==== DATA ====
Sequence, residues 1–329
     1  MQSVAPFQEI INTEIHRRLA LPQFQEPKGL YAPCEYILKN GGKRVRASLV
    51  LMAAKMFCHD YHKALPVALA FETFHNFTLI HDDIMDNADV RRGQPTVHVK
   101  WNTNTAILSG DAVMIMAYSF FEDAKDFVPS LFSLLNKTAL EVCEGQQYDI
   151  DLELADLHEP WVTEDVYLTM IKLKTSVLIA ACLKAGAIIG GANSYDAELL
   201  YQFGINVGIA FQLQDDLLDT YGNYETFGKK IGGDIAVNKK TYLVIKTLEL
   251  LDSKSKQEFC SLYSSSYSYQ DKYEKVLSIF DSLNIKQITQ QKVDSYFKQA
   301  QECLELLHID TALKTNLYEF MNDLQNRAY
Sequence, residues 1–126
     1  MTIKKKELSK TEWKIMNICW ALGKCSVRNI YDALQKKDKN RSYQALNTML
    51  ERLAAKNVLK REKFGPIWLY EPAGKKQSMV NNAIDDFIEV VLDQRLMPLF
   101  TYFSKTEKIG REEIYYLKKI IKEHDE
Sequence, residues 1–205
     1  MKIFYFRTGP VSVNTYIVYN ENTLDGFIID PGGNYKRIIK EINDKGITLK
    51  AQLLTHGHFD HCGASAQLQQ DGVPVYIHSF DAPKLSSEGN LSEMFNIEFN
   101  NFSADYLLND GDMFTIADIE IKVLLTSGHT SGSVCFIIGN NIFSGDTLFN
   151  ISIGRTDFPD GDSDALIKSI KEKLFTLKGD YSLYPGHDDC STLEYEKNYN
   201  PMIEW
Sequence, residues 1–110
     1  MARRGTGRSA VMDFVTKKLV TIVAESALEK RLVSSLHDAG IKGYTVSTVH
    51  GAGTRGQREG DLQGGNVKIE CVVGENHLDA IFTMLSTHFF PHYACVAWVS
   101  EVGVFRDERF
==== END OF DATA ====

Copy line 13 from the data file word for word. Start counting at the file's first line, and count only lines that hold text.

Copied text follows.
Sequence, residues 1–205